Church of the Holy Name (Catholic)

58 Sealy Street, Allenton, ASHBURTON

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The Church of the Holy Name was the third Catholic church to be built in Ashburton, some sixty years after the first Catholic mass was celebrated in 1871. In 1876 the first Catholic church in the town, a simple wooden building, was opened in Burnett Street. A Catholic school was established in 1880 and the first resident priest, Father Edmund Patrick Coffey arrived the following year. A second church was designed in 1882 by Francis Petre, (1847-1918), the well-known church architect. Petre's grand design proved too expensive for the parish and only the nave was ever built. It was decided, instead, to build a completely new church, and by 1930 sufficient money had been raised for this purpose. The architect chosen to design the third church was Henry St Aubyn Murray (1886-1943). Murray, whose practice was based in Christchurch, designed numerous buildings for the Catholic Church in Canterbury, and the church he designed for Ashburton is one of his most well-known. The Church of the Holy Name is rectangular in plan, with a square belltower adjacent to the main entrance. It is Romanesque in style, incorporating relatively small openings (as compared to the mass of the walls), with round-headed arches. A revival of the Romanesque, or 'round-arched', style occurred in Britain from the 1840s and in the former British colonies. The use of this style by Murray in the 1930s indicates his awareness of churches of similar design overseas. In Australia, for example, architects such as John Cyril Hawes and Joseph Fowell used the Romanesque style. An early example of a church built in the Romanesque style in New Zealand is First Church in Invercargill (1910-1915), designed by J.T. Mair. The Church of the Holy Name varies slightly from such examples in so far as it has a group of three round-headed windows above the western entrance rather than a rose window. The Romanesque style was often used by Catholic churches to distinguish themselves architecturally from the Anglican Church which built many churches in the Gothic style. The Catholic community's church in Ashburton, as designed by Murray, makes a positive and distinctive statement of their presence in the town. The church is an important part of the Catholic complex of buildings, which now include school and presbytery, all built within the same area. It was, at the time it was built, the most expensive building in Ashburton and it remains a distinctive landmark, still used today for Catholic worship.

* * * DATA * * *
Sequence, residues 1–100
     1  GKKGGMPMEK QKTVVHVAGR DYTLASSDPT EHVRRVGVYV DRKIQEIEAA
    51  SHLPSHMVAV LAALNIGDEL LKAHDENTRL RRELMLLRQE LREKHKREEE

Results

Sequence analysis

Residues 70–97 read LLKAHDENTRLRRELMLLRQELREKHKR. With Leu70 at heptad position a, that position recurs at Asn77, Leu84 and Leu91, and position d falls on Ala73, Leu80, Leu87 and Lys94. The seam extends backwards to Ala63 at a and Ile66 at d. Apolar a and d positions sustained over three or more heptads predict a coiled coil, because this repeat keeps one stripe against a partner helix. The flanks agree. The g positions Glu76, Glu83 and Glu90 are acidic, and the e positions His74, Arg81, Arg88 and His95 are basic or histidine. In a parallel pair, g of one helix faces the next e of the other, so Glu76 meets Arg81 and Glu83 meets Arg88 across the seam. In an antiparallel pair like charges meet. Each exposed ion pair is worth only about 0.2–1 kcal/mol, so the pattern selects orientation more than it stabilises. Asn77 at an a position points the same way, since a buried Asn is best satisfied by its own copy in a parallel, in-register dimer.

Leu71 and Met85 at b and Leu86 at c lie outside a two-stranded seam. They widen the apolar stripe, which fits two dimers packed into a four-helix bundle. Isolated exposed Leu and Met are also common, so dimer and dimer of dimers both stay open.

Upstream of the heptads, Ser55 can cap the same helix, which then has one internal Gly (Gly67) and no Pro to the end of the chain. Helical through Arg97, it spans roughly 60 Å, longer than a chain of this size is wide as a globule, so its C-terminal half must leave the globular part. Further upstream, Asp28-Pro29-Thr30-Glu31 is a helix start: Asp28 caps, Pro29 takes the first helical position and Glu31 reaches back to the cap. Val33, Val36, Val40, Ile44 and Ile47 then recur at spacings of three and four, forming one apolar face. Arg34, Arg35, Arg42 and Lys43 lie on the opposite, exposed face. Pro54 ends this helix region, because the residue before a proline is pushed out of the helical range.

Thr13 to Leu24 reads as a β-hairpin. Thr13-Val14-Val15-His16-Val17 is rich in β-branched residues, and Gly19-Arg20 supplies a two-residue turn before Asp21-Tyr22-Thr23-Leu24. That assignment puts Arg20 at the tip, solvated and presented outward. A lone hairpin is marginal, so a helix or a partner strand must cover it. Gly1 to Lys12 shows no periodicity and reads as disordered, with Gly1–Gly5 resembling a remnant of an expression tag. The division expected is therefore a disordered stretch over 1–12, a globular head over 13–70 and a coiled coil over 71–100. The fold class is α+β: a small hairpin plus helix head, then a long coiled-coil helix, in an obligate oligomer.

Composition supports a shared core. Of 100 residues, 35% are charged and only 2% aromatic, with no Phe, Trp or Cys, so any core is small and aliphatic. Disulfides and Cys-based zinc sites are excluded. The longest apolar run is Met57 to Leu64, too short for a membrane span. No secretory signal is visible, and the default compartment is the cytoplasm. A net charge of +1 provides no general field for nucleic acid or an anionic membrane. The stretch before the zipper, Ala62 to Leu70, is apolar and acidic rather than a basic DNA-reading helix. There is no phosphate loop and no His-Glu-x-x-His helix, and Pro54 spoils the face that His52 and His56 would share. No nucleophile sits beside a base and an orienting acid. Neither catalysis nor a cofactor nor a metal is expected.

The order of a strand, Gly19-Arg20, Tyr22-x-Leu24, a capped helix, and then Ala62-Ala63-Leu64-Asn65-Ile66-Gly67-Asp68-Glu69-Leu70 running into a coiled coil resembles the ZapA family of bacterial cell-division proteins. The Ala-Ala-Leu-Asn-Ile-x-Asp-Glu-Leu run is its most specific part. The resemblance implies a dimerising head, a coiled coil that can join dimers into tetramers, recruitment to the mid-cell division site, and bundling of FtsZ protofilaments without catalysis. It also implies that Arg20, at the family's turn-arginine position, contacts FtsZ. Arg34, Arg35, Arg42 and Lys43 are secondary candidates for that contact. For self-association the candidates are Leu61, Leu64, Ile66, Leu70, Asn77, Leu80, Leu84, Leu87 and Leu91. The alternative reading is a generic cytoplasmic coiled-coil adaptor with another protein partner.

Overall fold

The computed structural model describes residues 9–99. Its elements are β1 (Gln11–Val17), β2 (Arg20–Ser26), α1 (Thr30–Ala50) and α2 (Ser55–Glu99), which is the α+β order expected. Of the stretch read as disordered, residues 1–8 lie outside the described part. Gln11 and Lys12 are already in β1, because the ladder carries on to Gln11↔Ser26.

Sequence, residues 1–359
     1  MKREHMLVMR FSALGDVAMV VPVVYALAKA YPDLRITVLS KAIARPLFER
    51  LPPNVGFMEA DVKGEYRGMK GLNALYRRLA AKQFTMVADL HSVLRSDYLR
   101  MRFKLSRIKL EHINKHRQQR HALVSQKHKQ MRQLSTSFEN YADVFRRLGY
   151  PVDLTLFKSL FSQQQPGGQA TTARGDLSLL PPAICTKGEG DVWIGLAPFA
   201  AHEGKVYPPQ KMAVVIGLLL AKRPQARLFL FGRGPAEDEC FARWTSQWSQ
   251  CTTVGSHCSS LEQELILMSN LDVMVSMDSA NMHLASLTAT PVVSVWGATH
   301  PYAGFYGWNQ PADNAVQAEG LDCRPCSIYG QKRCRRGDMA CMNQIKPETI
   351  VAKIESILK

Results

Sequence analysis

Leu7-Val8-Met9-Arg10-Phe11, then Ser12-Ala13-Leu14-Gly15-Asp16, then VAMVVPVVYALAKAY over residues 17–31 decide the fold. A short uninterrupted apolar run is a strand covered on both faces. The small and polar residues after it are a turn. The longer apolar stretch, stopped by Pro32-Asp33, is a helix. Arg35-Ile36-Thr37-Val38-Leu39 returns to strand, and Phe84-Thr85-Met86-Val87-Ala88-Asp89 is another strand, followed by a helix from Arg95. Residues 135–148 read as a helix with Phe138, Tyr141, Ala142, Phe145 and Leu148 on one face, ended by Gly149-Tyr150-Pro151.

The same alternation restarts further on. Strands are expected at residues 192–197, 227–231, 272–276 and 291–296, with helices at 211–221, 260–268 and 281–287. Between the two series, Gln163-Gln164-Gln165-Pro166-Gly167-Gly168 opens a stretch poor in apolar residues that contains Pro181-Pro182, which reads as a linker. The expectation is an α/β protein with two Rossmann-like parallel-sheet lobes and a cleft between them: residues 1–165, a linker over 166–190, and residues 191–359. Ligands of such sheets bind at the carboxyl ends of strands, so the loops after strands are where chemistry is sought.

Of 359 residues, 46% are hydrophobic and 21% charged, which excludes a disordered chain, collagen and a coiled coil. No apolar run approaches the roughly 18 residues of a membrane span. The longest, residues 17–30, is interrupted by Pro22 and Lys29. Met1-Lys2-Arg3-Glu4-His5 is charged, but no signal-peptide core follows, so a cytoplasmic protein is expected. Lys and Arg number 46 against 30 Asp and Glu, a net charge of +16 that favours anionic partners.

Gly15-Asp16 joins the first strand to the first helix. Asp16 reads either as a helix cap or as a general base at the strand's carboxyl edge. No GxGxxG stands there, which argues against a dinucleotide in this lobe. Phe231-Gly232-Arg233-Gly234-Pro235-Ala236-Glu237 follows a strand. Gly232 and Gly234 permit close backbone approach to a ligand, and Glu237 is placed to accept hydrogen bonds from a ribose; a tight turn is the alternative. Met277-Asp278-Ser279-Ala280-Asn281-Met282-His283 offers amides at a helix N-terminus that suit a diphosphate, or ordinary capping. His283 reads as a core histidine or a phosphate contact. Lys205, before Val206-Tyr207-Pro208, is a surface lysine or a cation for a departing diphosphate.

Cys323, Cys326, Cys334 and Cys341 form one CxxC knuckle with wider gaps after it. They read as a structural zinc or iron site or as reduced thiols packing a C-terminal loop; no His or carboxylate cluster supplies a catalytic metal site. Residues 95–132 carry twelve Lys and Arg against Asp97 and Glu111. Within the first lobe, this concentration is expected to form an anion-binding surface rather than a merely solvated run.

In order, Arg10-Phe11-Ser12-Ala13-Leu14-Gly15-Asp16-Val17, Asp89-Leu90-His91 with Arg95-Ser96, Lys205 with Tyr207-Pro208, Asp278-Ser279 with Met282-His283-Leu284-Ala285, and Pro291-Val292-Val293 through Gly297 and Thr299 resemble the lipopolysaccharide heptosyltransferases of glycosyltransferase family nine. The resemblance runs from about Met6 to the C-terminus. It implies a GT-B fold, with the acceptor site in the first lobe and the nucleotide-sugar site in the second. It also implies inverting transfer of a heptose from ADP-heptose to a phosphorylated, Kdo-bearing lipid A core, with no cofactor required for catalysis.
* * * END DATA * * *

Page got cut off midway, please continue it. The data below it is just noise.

Church of the Holy Name (Catholic), Ashburton | Melanie Lovell-Smith | 01/12/2001 | Heritage New Zealand
Church of the Holy Name (Catholic), Ashburton | Melanie Lovell-Smith | 01/12/2001 | Heritage New Zealand



List Entry Information


Detailed List Entry



List Entry Status

Historic Place Category 1


Private/No Public Access

List Number


Date Entered

9th September 1985

Date of Effect

9th September 1985

City/District Council

Ashburton District


Canterbury Region

Extent of List Entry

Extent of registration includes part of Lot 2 DP 386200 (RT 344997), Canterbury Land District and the building known as Church of the Holy Name (Catholic), thereon.

Legal description

Lot 2 DP 386200 (RT 344997), Canterbury Land District

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